When I travel I love to gather recipes and even just ideas for food combinations. When I lived in France, I gathered so many ideas I turned them into a cookbook, in large part inspired by a friend I had made who was from Lebanon. His Mediterranean recipes are still many of my favourites, and hommous tops the list.
You might be wondering why I would even bother to make something that is so readily available in plastic tubs in every deli section of every grocery store in North America. Well, I can tell you I’m old enough to remember a time when things like hommous were not as common as peanut butter, and I am also a devout fan of homemade versus store bought goods whenever possible. Hommous was inexpensive and simple to make, so it was a great place to start my ethnic cooking experiments.
Over the years simple hommous has become a trendy food, being made from all kinds of vegetables. It seemed to lose some of its cachet in the excitement, but now like many food trends hommous is returning to its Mediterranean roots for a more rustic presentation. The rendition I offer up here is one I tried recently in London with my good friend on a girls’ lunch date. We were at a place that serves dishes with harmony and grace – recipes with humble roots being taken to a new level while still retaining a beautiful simplicity. It’s a tiny hole-in-the-wall restaurant on Beak Street in Soho called Polpo. If you can get in, it’s worth the wait. If you aren’t planning to get to London anytime soon, their cookbook is most inspirational. I was fortunate enough to get a copy as a gift from my girlfriend.
Polpo serves everything on small plates, so you can share and sample as a group. Their rendition of hommous when we were there was a crostini, a delightful cacophony of crunch and smoothness that made my tastebuds wake up to the range of flavours available from only 6 ingredients. Paired with the house Prosecco it was truly a divine experience. I loved learning that the restaurant owners were devoted food lovers, and they opened a year after the crash of 2008. Their restaurant has been packed since day one, and deservedly so. I know my kitchen is always full of happy souls when I make hommous!
Anchovy & Chickpea Crostini (makes 10 pieces – spread will keep up to 1 week refrigerated. Bring to room temperature to serve.)
1 – 400 g tin chick peas
10 brown anchoy filets, plus some of their oil
juice of 1/2 lemon
1 handful of flat (Italian) parsley leaves, chopped
1 tbsp tahini (sesame paste)
about 4 tbsp extra virgin olive oil
1/2 French baguette, sliced and lightly toasted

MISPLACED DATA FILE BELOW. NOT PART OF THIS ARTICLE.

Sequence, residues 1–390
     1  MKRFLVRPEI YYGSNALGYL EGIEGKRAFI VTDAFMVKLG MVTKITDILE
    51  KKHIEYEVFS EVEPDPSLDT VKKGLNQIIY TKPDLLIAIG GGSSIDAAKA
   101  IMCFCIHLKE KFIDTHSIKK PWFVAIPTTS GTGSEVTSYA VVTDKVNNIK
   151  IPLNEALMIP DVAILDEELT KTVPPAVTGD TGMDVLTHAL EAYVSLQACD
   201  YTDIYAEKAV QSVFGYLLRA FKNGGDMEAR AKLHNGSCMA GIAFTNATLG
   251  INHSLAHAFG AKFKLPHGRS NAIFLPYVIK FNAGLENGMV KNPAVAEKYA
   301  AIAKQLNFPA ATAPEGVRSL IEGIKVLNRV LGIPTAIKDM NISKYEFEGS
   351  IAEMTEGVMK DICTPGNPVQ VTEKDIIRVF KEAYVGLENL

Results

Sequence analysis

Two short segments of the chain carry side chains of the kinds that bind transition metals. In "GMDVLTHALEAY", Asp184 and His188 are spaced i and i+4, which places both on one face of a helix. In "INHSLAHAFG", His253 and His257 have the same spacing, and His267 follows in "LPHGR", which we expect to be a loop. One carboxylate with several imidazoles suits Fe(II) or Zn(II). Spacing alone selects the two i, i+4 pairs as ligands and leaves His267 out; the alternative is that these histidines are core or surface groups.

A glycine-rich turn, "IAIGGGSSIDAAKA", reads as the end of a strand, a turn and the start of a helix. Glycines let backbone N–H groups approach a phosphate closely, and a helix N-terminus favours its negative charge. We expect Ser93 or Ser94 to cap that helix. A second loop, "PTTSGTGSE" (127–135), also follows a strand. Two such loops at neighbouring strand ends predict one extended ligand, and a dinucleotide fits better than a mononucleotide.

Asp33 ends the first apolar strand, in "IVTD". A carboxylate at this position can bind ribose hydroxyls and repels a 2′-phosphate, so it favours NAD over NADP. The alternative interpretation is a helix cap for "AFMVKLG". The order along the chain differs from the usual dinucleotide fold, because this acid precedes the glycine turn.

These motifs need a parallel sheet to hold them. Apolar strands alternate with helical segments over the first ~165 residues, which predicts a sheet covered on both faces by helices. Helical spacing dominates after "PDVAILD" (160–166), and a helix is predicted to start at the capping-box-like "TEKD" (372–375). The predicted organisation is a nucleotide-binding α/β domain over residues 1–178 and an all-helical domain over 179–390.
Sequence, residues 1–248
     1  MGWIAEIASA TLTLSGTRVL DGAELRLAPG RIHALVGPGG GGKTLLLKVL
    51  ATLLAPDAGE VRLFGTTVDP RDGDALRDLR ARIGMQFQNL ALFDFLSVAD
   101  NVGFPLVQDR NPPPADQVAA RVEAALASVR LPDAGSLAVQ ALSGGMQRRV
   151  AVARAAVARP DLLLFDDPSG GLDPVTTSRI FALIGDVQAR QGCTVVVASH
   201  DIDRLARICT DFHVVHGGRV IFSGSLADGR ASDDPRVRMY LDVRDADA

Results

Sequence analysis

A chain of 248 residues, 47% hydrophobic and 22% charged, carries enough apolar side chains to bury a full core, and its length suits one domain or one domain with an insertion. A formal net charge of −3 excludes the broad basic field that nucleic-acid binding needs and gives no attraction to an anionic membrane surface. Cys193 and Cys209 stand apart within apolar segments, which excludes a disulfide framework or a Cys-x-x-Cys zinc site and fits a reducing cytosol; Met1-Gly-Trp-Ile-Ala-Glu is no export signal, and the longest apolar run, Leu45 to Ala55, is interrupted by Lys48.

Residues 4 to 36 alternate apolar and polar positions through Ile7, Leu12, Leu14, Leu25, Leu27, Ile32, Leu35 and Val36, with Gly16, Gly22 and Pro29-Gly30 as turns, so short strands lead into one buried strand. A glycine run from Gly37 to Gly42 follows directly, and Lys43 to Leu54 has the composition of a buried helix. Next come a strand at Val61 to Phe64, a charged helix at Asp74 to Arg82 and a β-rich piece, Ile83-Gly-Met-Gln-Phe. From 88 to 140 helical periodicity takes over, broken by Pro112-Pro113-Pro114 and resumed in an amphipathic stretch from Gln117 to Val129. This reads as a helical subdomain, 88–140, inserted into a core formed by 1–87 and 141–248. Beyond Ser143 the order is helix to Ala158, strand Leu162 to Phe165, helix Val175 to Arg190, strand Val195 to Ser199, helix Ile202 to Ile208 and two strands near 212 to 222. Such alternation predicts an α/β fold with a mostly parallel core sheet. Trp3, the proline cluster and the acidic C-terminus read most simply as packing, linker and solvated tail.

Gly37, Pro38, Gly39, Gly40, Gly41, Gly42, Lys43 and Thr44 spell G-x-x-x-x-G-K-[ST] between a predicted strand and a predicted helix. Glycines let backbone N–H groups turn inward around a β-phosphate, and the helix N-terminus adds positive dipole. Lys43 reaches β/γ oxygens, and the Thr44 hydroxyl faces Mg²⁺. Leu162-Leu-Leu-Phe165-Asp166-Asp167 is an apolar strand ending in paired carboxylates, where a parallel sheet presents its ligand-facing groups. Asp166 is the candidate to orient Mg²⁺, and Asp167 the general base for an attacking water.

Drain and rinse the chickpeas and roughly chop the anchovies. Mix together with the lemon juice, parsley and tahini. Add 1/2 tsp of freshly ground pepper. Pulse in a food processor, with a little anchovy oil from the tin or bottle and enough olive oil to create a chunky paste. Taste and adjust the seasoning (there is no need for salt with the anchovies).
Toast baguette slices under a broiler or in a toaster oven just until golden. Spread paste roughly on the crostini and serve. (If you want a gluten-free version, serve the paste on cucumber slices or wedges of sweet pepper.)
As I write, the Scottish countryside is quizzing by the train window and my head is filled with tales of William Wallace and Robert the Bruce, James V and other kings of Scotland. We learned about a huge parts of Scottish history by visiting a strategic place – Stirling.
We visited the village and its castle today and enjoyed the many stories and bits of trivia our tour guide shared with us. I could see the inner courtyard full of tradesmen and market stalls, and in the Great Hall I could hear the music of a 16th century feast and see the nobles in their dress tartans.
Of course another highlight for us besides the usual historical reference was the kitchen. Understanding how people cooked in another age is sometimes even more fun than knowing how they cook in other cultures. It seems odd to us that people would eat swans or peacock, but is that any stranger than say, turducken, that current Southern American specialty?
The kitchens were amazing, large rooms in the underground levels with huge work tables. The staff (mostly men) cooked everything over a large hearth. There was fresh bread, stewed or spit-roasted meat or fish, steamed veggies, and all manner of sweets.